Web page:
12/04/14 9:18am

Earlier this year we partnered with UncommonGoods to launch the Brooklyn Flag Project. We challenged design-minded folks from all over the borough to create a flag reflecting their neighborhood, with the promise that the top three would be produced for sale by UncommonGoods. Along with former Brooklyn Borough President Marty Markowitz, Tina Roth Eisenberg–the graphic designer known as @SwissMiss, and UncommonGoods founder David Bolotsky, we helped winnow down a fantastic field of entries to eight finalists.

UncommonGoods awarded cash prizes to the top three winners, but decided not to produce the flags for sale after all–they told us that they had hoped to see flags from a wider variety of neighborhoods, though we thought the entries from East New York, Bay Ridge, Flatbush, Coney Island and Ditmas Park nicely rounded out the multiple flags designed for Greenpoint and Fort Greene–locales that lots of graphic designers call home. Even if you can’t buy one of these to hang from your fire escape, we think it’s worth taking a peek at the winners. And, as a bonus, we’ve added in our favorite entry that didn’t win (we’re suckers for a squirrel).

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10/21/14 11:00am
Squash and turnip pierogies at Korzo come filled with either wild mushrooms or herbed sheep's cheese. Photo: Jillian Capewell

Squash and turnip pierogies at Korzo come filled with either wild mushrooms or herbed sheep’s cheese. Photo: Jillian Capewell

It arrives earlier and with more abundance each year—pumpkin-spice season. Flavoring everything, from cookies, to cream cheese, to local beer, to much-maligned-as-of-late pumpkin spice lattes that have become a sure sign of sweater-weather, pumpkin, the faker the better it seems, has become shorthand for fall.

While we love actual pumpkin, in soup, curry, pie and even ice cream, like Hay Rosie’s Pumpkinapalooza, the focus on its most sickeningly sweet iteration, amidst the bounty of fall fruits and vegetables, is culinary tunnel vision. Here’s a whole menu of pumpkin spice-free, but fall-ready flavors from around Brooklyn. (more…)

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02/07/14 9:07am

Dorchester Road is packed withbeautiful home. Photo: Peggy Truong

Dorchester Road is lined with beautiful homes. Photo: Peggy Truong

When you arrive in Ditmas Park, it’s pretty easy to forget all of your worries–and the fact that you’re in Brooklyn and can get to midtown Manhattan on a train in 30 minutes or less. Driveways, front yards and porches suddenly feel wonderful and out of place at the same time.

Since moving to the neighborhood about four weeks ago, I’ve basked in the glory of streets lined with Victorian houses, the sweet smells of baked goods and the hustle, bustle and charm of residents, old and new.

Built in the early 20th century, Ditmas Park’s gigantic Victorian homes are real estate porn for lovers of Colonial Revivals, Queen Annes, Tudors and Japanese designs, to name a few. Spend a few minutes on Albemarle Road and feel transported to another city, another time period. Served by the very reliable B and Q trains, Ditmas Park runs approximately (depending on who you ask) from Church Avenue to Avenue H, and Coney Island Avenue to Bedford Avenue, surrounded by Prospect Park South, Flatbush, Midwood and Kensington.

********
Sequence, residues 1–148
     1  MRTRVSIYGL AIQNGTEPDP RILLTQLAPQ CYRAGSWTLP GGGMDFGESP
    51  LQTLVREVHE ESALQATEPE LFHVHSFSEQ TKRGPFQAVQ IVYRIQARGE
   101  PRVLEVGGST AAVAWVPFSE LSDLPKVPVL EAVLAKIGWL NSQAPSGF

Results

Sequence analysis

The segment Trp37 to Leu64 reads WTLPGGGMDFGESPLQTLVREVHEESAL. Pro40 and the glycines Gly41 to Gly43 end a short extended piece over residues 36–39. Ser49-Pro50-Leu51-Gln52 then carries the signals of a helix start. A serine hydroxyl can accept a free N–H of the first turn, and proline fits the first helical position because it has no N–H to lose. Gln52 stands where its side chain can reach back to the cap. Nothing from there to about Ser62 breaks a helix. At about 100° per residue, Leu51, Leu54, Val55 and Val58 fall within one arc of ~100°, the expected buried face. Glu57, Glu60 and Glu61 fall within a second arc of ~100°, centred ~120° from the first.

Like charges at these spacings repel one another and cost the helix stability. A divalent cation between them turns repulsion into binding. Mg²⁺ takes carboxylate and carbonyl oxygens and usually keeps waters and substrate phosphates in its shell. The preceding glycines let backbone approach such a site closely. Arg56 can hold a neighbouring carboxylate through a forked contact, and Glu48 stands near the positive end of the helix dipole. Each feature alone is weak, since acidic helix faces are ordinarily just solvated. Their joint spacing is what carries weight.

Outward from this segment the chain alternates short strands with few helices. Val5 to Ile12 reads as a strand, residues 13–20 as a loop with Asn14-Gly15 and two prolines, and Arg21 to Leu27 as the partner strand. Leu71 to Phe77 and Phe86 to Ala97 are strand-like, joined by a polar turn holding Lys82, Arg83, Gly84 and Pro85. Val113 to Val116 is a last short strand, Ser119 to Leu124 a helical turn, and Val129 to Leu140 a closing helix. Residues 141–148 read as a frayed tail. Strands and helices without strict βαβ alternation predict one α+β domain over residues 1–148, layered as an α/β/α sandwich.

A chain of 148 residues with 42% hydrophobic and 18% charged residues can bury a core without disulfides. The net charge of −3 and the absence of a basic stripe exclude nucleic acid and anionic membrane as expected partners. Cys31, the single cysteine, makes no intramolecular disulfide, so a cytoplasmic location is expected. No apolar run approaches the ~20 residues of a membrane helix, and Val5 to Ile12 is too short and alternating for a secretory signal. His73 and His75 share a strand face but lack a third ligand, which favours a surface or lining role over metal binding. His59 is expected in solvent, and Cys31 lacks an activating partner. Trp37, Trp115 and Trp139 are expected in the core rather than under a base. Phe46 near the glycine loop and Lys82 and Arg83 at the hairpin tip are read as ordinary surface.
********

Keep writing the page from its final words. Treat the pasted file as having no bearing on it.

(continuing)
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Since I’m a comparative newbie, I spoke to Ditmas Park Corner’s Nora Whelan and Max Habib, owner of Qathra and Milk & Honey, for guidance about the neighborhood, and their favorite hangs and hidden gems. It’s tempting to tag the neighborhood as a suburb, thanks to the bevy of freestanding homes and tree-lined streets. Even the air feels a bit cleaner. “I don’t consider ‘suburb’ a dirty word,” says Whelan, who’s lived in the area for four years. “Ditmas Park is like everything you ever wanted in a perfect suburbia in terms of green space, breathtaking Victorian houses, and neighbors who will lend you a cup of sugar, but with the wealth of creative talent, amazing food and amenities, and easy transportation that the rest of crazy, urban NYC is proud to share.”
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02/07/14 9:06am


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Nora Whelan, of Ditmas Park Corner was kind enough to share this neighborhood walk with us. It’s a brief jaunt (once you read our guide to Ditmas Park you’ll have a whole list of other place to stroll to), but it definitely will make you fantasize about what it would be like to live in one of the neighborhood’s historic homes.

Get off the B/Q at Church on a warm day in May. Enjoy the surge of people you exit the station, and the blaring horns, and the music, and the vegetable markets down the street, and the different food smells. Head west, make a left onto Buckingham, go visit the Japanese house (131 Buckingham Road) that everyone rightfully goes crazy over, turn right at the end of the street (that’s your only option), make a momentary pit stop under one of our blooming cherry trees at some point, check out the house and Flatbush CommUNITY Garden on the southeast corner of Marlborough and Albemarle, and imagine what you could do with that two floor sun room.